First, technology should never be used just for technology’s sake. It should only ever be deployed in clear and limited situations where it can demonstrably improve the process, to inform a human expert’s decision, not replace it.
But efficiency also matters. In trying to solve one set of problems, technology should not create new ones. Systems should constantly be improved in response to feedback.
To that end, it is vital that users –and fans – understand how the system works and trust the methodology. Black box systems are rarely a good idea. In that sense, video officials at cricket matches do a better job of showing the evidence to viewers and explaining how they reach their decisions.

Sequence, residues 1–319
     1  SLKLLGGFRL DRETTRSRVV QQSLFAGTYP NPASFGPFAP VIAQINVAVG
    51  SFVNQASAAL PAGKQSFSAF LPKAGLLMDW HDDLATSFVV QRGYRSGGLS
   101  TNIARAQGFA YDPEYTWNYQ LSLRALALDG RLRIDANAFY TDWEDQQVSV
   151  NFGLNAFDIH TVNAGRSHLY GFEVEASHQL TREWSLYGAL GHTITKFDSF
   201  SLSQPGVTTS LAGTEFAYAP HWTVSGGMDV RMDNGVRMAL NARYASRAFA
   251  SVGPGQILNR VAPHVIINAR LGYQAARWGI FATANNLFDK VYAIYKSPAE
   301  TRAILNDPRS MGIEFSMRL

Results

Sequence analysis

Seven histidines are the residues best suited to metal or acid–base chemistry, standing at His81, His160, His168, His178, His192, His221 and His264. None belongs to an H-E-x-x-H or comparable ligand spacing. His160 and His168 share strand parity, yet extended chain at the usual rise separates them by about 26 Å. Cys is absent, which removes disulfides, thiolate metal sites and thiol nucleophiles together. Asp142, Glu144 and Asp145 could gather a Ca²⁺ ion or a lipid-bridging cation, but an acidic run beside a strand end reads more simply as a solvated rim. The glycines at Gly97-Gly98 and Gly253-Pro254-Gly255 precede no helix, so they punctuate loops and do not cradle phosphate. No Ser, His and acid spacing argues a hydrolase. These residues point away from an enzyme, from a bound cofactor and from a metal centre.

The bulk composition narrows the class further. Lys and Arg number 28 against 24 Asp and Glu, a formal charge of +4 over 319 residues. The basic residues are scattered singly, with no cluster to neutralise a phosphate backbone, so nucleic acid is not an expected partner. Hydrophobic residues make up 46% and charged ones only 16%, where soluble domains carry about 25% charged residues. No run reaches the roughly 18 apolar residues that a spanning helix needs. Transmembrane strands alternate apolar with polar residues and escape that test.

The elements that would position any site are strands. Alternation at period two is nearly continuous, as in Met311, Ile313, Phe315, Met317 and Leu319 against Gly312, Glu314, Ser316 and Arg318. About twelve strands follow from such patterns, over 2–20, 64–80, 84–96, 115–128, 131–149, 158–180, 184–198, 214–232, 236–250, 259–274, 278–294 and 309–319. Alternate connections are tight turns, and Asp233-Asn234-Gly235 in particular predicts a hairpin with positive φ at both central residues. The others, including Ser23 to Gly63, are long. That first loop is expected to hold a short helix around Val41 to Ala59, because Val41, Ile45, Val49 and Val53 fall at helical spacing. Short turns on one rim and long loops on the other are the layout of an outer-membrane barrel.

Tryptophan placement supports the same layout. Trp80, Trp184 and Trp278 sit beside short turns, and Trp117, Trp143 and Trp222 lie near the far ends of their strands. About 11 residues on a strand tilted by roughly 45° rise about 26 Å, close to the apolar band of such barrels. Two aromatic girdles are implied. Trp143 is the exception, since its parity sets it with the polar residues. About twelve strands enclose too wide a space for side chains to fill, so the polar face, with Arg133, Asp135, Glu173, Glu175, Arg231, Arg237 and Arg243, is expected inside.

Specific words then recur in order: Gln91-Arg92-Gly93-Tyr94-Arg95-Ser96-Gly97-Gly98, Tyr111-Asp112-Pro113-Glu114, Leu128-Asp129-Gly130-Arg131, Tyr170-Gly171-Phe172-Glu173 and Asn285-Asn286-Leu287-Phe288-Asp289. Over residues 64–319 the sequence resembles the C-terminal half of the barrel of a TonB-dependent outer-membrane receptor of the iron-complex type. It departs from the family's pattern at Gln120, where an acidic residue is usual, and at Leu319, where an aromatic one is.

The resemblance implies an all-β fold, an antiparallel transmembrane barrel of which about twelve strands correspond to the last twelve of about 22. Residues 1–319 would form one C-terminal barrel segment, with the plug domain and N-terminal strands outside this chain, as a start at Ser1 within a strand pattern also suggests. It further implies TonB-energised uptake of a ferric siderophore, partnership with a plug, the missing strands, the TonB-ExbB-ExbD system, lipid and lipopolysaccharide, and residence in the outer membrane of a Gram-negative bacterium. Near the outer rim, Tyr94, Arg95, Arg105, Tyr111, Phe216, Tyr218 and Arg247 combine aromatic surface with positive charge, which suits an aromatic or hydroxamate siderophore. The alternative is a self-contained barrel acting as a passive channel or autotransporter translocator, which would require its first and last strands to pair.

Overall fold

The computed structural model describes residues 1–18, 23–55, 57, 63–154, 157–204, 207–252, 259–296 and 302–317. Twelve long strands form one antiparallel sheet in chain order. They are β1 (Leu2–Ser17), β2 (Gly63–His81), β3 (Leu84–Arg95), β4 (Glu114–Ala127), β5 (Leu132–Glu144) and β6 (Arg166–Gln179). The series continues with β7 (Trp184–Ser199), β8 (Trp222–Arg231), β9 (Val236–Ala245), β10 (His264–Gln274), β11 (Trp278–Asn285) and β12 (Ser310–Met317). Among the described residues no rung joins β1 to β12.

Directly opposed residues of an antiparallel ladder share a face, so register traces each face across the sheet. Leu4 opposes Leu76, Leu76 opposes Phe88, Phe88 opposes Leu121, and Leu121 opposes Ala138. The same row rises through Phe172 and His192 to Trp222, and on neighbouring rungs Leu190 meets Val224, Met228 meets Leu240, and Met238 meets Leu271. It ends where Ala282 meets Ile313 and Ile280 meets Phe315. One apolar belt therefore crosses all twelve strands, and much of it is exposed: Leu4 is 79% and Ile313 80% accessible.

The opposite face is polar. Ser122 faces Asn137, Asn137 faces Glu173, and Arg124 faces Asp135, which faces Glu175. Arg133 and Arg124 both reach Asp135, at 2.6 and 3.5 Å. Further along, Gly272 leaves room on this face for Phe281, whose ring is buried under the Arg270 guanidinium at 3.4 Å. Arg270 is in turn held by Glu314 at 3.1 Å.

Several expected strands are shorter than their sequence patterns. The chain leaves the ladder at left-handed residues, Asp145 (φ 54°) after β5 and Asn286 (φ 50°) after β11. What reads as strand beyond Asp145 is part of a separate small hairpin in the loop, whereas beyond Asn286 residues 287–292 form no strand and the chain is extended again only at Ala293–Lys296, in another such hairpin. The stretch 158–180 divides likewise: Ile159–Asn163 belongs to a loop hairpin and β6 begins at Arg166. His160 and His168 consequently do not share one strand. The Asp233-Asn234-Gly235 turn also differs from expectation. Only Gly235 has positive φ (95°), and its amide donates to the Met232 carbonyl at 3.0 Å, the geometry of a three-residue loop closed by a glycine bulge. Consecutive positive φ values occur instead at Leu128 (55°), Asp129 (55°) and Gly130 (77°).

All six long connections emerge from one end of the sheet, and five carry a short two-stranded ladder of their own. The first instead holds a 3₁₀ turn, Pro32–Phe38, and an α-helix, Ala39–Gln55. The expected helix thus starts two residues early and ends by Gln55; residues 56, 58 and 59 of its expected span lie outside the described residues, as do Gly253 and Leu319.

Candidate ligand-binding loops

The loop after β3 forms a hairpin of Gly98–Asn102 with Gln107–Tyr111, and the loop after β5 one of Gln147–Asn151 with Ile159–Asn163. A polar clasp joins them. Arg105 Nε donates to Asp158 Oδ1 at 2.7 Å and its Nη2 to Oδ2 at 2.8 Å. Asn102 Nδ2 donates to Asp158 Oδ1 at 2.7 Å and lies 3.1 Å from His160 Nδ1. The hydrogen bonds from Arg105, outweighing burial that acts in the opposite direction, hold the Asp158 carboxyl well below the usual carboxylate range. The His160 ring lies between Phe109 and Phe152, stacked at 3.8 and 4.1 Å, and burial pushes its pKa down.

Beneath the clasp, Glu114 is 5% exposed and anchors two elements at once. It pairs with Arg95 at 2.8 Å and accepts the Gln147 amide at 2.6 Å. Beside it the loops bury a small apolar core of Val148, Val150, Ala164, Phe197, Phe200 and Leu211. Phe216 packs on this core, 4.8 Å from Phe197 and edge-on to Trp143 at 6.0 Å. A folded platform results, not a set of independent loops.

Ensuring that decisions can be explained is as crucial for VAR as it is for artificial intelligence systems, now widely used in many areas such as finance, healthcare and law.
The principle behind VAR of “minimum interference, maximum benefit” is a good one. But experience demonstrates how difficult that is to implement in real life.
As maths teachers insist, show your workings when solving any problem. VAR’s decision-making processes should themselves be reviewed.
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